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ASEAN ANALYSIS  12  August 2010

Don’t pay the taxman

By David Swartzentruber
AseanAffairs   12 August 2010

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In western countries not paying taxes to local or national governments can be considered a crime and one can land in jail or forfeit money or property or lose both freedom and funds, if one doesn’t pay the taxman.

However, in Asia not paying taxes is something of an art form and not paying governments the taxes due is widespread. In today’s news comes the story out of China that the rich in China have more than a trillion dollars of “hidden income.” The figure cited, Bloomberg reports, equals about 30 percent of China’s gross domestic product.

The report cites a projection from Credit Suisse that the top 10 percent of China’s households take in 139,000 yuan a year, more than triple the official figures. The problem is not unique to China.

The new administration in the Philippines is saddled with a major challenge to improve tax collections.

In Vietnam, the holding of wealth in the form of gold has a negative effect on the country’s currency, the dong. The value of the currency is lowered when its value is held in the form of gold and is held out of the economic system, thus devaluing the local currency. A case of deflating the currency.

With Thailand having the largest number of citizens originally migrating from China of any Asian country, ways to not pay taxes are widespread. Not paying taxes and/or covering up business deals played a role in the corruption conviction against Chinese-Thai fugitive PM Thaksin Shinawatra.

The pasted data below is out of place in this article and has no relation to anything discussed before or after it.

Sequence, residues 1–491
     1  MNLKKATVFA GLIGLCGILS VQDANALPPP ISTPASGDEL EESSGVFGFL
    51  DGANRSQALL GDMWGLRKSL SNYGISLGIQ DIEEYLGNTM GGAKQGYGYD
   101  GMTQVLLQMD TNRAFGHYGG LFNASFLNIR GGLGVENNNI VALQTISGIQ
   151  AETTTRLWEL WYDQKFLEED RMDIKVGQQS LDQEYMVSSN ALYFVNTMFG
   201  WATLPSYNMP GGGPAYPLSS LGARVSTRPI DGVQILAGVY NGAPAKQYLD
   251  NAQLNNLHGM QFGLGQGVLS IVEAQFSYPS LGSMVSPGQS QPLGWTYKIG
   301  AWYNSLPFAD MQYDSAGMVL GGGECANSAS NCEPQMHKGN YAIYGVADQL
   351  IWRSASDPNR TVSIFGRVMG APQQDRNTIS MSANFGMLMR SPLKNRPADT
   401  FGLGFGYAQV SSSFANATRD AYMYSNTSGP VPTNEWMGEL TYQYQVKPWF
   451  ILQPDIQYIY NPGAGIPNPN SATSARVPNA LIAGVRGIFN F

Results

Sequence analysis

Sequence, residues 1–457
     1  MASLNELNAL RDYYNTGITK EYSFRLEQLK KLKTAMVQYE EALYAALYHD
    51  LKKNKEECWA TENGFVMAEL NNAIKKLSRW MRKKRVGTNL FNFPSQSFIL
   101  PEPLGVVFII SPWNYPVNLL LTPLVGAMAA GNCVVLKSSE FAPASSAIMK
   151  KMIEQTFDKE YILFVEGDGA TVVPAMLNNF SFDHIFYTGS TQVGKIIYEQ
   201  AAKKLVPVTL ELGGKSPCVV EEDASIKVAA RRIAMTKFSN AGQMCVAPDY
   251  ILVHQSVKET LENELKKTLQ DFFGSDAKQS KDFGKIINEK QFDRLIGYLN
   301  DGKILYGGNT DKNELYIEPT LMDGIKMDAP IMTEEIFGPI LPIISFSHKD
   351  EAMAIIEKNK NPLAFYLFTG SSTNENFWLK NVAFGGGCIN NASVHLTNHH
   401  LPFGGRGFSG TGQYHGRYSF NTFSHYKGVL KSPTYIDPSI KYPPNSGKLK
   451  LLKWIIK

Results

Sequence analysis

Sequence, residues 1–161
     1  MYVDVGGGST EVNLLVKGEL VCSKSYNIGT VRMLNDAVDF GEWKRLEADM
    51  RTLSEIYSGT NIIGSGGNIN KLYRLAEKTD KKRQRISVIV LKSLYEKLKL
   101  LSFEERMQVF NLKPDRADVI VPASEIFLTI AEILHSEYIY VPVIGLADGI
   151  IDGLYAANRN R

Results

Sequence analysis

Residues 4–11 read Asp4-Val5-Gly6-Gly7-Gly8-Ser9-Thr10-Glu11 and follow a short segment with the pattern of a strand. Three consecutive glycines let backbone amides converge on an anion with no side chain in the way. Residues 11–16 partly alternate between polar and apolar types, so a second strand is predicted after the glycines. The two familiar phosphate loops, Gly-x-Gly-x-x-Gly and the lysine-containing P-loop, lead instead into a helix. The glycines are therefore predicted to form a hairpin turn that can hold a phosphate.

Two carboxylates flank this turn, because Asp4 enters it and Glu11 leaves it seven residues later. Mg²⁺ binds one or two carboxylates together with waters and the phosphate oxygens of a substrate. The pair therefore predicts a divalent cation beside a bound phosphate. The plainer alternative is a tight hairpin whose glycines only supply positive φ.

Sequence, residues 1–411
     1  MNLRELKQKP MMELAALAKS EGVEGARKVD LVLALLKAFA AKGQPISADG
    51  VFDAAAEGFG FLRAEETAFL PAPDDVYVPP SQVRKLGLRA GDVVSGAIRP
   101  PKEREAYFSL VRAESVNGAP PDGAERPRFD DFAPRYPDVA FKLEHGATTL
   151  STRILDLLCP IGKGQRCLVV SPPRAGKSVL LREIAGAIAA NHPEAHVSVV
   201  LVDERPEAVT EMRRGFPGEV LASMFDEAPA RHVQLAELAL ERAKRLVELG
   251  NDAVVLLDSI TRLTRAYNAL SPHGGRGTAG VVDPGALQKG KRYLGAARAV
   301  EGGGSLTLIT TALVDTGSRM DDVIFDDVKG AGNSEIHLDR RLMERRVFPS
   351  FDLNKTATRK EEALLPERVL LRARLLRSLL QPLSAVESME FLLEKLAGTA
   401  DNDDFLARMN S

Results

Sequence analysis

In China it is called “crony capitalism,” while in Thailand the Chinese-Thai “family business” is a good way to spread the money around in the family, thereby avoiding taxes. The Shinawatra family owns a silk firm and no doubt the family custom of concealing assets learned in his youth, continued on when Mr. Thaksin took public office.

Another issue is the large amount of money obtained through the operation of illegal businesses in Asia such as underground lotteries, other types of illegal gambling, the flesh trade and the bribery of police and government officials to look the other way. This kind of income is said to account for a significant portion of Thailand’s gross domestic product.

These operations go on in western countries obviously, but the power and authority of governments has been more deeply established in the west than in Asia where modern forms of government are younger and are still learning the ropes of good governance.

Better tax collection and the legal structure to collect them is something Asean governments need to develop.

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